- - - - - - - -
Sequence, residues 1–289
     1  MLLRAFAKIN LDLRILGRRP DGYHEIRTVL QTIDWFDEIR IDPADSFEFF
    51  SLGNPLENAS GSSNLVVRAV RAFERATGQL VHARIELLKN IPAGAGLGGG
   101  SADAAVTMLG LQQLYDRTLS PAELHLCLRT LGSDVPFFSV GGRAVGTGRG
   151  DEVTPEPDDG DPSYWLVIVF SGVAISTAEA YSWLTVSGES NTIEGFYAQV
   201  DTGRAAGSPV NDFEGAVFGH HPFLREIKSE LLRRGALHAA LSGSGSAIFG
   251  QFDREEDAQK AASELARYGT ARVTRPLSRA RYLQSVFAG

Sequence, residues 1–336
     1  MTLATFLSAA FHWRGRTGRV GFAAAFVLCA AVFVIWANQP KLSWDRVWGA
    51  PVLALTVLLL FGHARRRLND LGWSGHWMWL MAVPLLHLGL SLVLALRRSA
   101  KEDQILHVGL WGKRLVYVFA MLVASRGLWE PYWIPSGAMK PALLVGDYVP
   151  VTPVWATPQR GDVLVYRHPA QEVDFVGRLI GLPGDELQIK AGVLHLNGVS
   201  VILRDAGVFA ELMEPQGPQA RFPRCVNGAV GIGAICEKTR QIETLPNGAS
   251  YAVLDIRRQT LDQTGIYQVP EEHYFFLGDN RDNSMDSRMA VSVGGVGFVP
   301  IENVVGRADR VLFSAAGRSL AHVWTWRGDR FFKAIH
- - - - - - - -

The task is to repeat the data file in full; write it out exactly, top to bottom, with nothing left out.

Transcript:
Sequence, residues 1–289
     1  MLLRAFAKIN LDLRILGRRP DGYHEIRTVL QTIDWFDEIR IDPADSFEFF
    51  SLGNPLENAS GSSNLVVRAV RAFERATGQL VHARIELLKN IPAGAGLGGG
   101  SADAAVTMLG LQQLYDRTLS PAELHLCLRT LGSDVPFFSV GGRAVGTGRG
   151  DEVTPEPDDG DPSYWLVIVF SGVAISTAEA YSWLTVSGES NTIEGFYAQV
   201  DTGRAAGSPV NDFEGAVFGH HPFLREIKSE LLRRGALHAA LSGSGSAIFG
   251  QFDREEDAQK AASELARYGT ARVTRPLSRA RYLQSVFAG

Sequence, residues 1–336
     1  MTLATFLSAA FHWRGRTGRV GFAAAFVLCA AVFVIWANQP KLSWDRVWGA
    51  PVLALTVLLL FGHARRRLND LGWSGHWMWL MAVPLLHLGL SLVLALRRSA
   101  KEDQILHVGL WGKRLVYVFA MLVASRGLWE PYWIPSGAMK PALLVGDYVP
   151  VTPVWATPQR GDVLVYRHPA QEVDFVGRLI GLPGDELQIK AGVLHLNGVS
   201  VILRDAGVFA ELMEPQGPQA RFPRCVNGAV GIGAICEKTR QIETLPNGAS
   251  YAVLDIRRQT LDQTGIYQVP EEHYFFLGDN RDNSMDSRMA VSVGGVGFVP
   301  IENVVGRADR VLFSAAGRSL AHVWTWRGDR FFKAIH